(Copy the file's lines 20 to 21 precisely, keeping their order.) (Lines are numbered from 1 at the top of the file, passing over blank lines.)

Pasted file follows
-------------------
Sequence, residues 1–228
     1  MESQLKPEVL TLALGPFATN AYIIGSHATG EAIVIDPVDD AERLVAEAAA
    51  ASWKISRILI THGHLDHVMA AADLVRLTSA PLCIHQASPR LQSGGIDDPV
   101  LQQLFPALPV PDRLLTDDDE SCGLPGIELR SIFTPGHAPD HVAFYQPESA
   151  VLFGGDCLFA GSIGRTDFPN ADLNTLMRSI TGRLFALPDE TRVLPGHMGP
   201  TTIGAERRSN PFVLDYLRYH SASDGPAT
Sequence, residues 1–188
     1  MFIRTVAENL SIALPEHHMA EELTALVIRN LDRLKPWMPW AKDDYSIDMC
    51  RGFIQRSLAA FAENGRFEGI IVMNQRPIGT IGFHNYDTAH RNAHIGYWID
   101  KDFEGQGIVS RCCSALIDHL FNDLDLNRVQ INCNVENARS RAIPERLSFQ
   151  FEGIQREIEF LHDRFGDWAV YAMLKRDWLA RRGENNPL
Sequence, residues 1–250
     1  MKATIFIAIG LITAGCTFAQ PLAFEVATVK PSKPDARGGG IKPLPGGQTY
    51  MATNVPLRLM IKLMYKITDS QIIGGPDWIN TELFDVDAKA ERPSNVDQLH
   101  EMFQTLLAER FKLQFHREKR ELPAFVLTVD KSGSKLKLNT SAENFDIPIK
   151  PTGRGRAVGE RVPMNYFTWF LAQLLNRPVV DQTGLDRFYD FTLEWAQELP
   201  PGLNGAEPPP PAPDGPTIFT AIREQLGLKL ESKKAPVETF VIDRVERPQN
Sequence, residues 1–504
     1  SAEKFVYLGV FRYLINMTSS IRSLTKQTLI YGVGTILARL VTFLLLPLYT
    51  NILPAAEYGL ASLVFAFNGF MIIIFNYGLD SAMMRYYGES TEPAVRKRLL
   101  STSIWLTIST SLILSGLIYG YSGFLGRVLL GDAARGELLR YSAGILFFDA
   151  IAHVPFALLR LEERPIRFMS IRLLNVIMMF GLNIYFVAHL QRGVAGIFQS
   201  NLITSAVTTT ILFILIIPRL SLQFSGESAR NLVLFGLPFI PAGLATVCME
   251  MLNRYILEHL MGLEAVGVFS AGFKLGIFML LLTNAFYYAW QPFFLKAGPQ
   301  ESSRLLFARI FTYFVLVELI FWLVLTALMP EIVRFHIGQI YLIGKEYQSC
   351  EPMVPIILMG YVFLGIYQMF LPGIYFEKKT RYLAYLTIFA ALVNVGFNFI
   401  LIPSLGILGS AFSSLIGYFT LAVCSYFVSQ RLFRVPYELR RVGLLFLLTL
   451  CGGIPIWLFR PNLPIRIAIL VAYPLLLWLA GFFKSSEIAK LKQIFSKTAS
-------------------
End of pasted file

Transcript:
    51  NILPAAEYGL ASLVFAFNGF MIIIFNYGLD SAMMRYYGES TEPAVRKRLL
   101  STSIWLTIST SLILSGLIYG YSGFLGRVLL GDAARGELLR YSAGILFFDA